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Kurt Vile‘s music treads familiar ground. One can hear the strains of ‘70s classic rock radio seeping through the songs in oddly distorted ways. A careful listener can note echoes of Bruce Springsteen one minute, followed by a Neil Young riff, then a Tom Petty melody the next, while still realizing something new and exciting is being produced. That’s mostly because of electric guitarist Vile’s emphasis on energy laden hooks created on the strings to anchor his material, and also due to the soulful nature of the Philadelphia singer’s voice. Like those classic rockers, Vile pens self-deprecating lyrics that temper the woes and joys of the sounds of rawk gee-tar with an awareness that any one person’s emotions don’t amount to a hill of beans in this world. But they do matter to that person. He’s no angel. His halo is made of smoke. He’s a regular dude like the rest of us, and when he sings of himself, he is singing for all of us. Steve Horowitz
Regarding Wild Flag‘s unholy 2010 formation, Carrie Brownstein said this: “I have no desire to play music unless I need music.” (Enter Portlandia, various acting gigs, a brief stint with Oregon ad agency Wieden+Kennedy, a 2009 book deal—a smattering of the projects that have taken up Brownstein’s time since Sleater-Kinney’s 2006 disbanding.) She also said this: “I started to need music again, and so I called on my friends and we joined as a band.” It sounds simple enough, and really, it is: if you call on your friends to form a band, and your friends happen to be some of the most prominent female rockers of the ‘90s (S-K drummer Janet Weiss, Helium’s Mary Timony, the Minders’ Rebecca Cole), triumphant post-Riot Grrrl rock is what you will get. The group’s electric self-titled debut bashes with S-K style abandon (“Future Crimes”, “Boom”), explores sleeker garage-pop harmonies (“Something Came Over Me”, “Black Tiles”), and delves face-first into seething, longer blues workouts (“Racehorse”)—all with undeniable chemistry and unpretentious precision. Welcome home, Carrie. Zach Schonfeld
2011 will go down as the year when R.E.M.‘s Wikipedia page went from “R.E.M. is an American rock band…” to “R.E.M. was an American rock band….” Some will argue that R.E.M. truly broke up 15 years ago when Bill Berry left the band; some will argue (perhaps rightly) that their post-Berry output was so drastically inferior that it significantly diminishes their legacy; and some will just put their whole oeuvre on shuffle and realize that most of it sounds pretty damn good. R.E.M. closing up shop provides a nice opportunity to take stock of just what they accomplished during their existence, from the jangle pop of “Radio Free Europe” to, well, the jangle pop of thoroughly satisfying final single “We All Go Back to Where We Belong”. In addition to the greatest-hits collected on Part Lies, Part Heart, Part Truth, Part Garbage, R.E.M.‘s final year also saw the release of the late-career highlight Collapse Into Now, arguably as good as any post-Berry album. Farewell, R.E.M.; I’ll resist the urge to make a joke about the end of the world as we know it. Matt Paproth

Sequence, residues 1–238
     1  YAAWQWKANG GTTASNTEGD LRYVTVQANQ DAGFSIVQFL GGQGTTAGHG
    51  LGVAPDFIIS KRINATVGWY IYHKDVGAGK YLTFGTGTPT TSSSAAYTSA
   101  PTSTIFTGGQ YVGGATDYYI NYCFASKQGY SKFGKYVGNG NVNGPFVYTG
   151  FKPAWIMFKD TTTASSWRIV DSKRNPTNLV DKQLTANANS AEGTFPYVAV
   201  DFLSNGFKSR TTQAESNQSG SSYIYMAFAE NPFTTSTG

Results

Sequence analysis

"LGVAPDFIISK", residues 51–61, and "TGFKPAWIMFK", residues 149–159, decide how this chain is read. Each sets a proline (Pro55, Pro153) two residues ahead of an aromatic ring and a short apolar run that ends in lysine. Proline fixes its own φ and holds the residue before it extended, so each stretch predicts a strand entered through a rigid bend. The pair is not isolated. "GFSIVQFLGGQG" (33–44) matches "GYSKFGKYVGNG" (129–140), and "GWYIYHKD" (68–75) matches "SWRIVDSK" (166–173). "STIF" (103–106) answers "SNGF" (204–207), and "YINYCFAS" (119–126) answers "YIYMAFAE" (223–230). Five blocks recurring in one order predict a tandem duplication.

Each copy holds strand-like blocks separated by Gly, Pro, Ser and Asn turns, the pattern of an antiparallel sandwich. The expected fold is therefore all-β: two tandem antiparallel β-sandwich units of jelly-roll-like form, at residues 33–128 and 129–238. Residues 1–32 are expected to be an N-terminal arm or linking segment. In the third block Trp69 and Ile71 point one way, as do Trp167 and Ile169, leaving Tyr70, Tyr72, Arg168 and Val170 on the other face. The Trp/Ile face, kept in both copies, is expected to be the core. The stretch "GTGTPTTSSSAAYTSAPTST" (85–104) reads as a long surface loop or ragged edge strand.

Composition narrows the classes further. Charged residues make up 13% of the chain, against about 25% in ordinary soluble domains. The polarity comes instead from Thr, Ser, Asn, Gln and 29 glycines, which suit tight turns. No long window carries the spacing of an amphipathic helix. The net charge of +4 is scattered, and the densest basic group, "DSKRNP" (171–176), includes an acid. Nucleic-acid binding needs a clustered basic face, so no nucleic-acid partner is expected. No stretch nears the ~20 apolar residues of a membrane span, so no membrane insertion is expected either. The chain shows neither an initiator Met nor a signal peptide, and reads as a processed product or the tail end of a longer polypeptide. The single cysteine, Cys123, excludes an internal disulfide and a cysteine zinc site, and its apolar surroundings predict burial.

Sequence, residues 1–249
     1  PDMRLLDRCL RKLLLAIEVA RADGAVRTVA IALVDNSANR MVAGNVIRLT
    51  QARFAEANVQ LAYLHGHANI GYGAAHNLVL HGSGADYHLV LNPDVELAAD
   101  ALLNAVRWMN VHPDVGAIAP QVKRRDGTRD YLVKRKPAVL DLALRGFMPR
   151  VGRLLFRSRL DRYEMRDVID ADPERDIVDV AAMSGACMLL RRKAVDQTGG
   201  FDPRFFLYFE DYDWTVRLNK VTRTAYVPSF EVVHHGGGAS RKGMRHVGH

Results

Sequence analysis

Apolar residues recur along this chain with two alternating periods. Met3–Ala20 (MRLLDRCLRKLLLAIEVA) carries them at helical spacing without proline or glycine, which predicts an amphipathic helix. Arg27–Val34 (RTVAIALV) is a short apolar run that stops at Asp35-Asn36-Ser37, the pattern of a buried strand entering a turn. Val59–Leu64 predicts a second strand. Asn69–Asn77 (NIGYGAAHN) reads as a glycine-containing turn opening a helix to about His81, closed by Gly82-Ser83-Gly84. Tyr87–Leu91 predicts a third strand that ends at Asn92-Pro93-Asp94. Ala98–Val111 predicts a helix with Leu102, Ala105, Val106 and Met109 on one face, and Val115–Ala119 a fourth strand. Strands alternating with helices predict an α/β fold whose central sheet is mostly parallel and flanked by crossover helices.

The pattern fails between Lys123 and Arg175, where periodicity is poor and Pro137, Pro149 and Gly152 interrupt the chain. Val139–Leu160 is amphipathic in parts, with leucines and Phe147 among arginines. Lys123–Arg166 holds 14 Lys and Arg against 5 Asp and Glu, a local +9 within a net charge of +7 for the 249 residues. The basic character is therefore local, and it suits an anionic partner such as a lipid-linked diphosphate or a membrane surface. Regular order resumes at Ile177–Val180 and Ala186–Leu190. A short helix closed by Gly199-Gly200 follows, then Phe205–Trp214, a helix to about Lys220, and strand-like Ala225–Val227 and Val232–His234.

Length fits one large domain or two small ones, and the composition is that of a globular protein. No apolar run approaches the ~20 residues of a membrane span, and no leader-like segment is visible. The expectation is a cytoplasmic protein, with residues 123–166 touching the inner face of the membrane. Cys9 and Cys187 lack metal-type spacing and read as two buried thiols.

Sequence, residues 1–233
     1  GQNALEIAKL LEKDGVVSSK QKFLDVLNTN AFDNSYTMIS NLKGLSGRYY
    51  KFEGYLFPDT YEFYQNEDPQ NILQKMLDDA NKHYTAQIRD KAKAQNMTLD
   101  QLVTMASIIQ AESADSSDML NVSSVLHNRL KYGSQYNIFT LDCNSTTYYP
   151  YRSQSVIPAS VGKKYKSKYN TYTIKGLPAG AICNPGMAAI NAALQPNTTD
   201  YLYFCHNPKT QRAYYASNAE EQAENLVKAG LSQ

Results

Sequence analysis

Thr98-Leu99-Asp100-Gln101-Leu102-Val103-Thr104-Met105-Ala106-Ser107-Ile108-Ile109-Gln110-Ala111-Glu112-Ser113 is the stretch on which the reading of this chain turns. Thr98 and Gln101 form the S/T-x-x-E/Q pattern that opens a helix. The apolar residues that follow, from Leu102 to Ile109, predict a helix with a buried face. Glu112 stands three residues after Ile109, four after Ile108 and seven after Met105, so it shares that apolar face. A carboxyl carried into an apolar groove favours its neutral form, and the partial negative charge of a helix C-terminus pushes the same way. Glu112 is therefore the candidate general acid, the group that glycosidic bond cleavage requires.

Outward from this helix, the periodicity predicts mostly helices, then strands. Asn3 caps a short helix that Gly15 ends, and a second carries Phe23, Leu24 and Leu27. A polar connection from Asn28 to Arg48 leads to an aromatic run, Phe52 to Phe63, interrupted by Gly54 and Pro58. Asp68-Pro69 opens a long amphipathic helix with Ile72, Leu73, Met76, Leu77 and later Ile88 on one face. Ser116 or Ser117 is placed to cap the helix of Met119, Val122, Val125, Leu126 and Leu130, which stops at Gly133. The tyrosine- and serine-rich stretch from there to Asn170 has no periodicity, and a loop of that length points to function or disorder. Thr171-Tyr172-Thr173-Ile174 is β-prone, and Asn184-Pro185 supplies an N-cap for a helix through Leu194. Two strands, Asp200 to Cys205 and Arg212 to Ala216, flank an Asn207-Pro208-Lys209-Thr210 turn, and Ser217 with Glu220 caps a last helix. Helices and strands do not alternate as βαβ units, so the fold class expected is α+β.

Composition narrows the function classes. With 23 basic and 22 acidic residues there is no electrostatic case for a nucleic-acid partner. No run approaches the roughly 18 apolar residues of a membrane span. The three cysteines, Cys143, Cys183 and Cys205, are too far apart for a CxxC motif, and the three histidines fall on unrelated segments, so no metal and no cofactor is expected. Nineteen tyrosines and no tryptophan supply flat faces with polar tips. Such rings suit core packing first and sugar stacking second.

As Destroyer, Dan Bejar has been a Dylan-esque figure building his own mythology in song, and building an ever-growing cult following at the same time. Taken together, his songs form their own universe, one that references itself incessantly, and references the world around us, presenting galore, musical and conceptual. On his last few albums he’s seemed interested in changing up the sound of Destroyer. In 2011 he took that furthest on Kaputt, lending a reconfigured soft-pop sheen that melded with his investigative songwriting more than anyone would have imagined, making it slipperier and more fun than ever before. It was one of 2011’s biggest musical stories, one that early in the year received the attention it deserved, seemingly opening up Destroyer’s niche music to new audiences. Dave Heaton
Has any sweet Catholic girl not named Ciccone ever taken to pop super-dominance as assuredly and presumptuously as Lady Gaga? Not merely content to echo dance-pop fantasias half-remembered from Madonna music videos circa the Blonde Ambition tour, she’s spent the last year going for full-on goddess-next-door preeminence, hosting Thanksgiving specials and birthday bashes like a dear old friend, all the while playing the eminence platinum-grise role far earlier and far more earnestly than any rational person would desire. She’s now become the ideal toastmaster general for the no-babe-it’s-not-me-it’s-you generation, and better her and her more-or-less good intentions than any other likely contender.
Her latest album and accompanying media blitz brought with them amble evidence of a liberal social conscience that may have been assumed in a diva of her pretensions, but which she pushes with a seemingly pie-eyed sincerity whose overt formal silliness proves disarming. What do you do with statements like “The only thing better than a unicorn is a gay unicorn” (as she told a properly stupefied audience during an HBO concert special) but nod pleasantly in suspicious agreement, as the goodwill and the second-hand pleas for tolerance mingle euphorically with music whose utopian quality is irresistible to the already-converted and mysterious to the faint-hearted? Every beneficence and bizarre publicity stunt has indicated a canny calculation that can’t help but be reassuring given the context.
After a decade of deer-in-the-headlights pop idols who seemed to offer themselves as barely-sentient sacrificial lambs to the ensuing media blitz, Lady Gaga’s knowing, exuberant embrace of celeb mechanics and all its cynical reductions proves there is some kind of pop life worth savoring even after the long, slow fade of capital ‘S’ significance from living imagination. Paul Anthony Johnson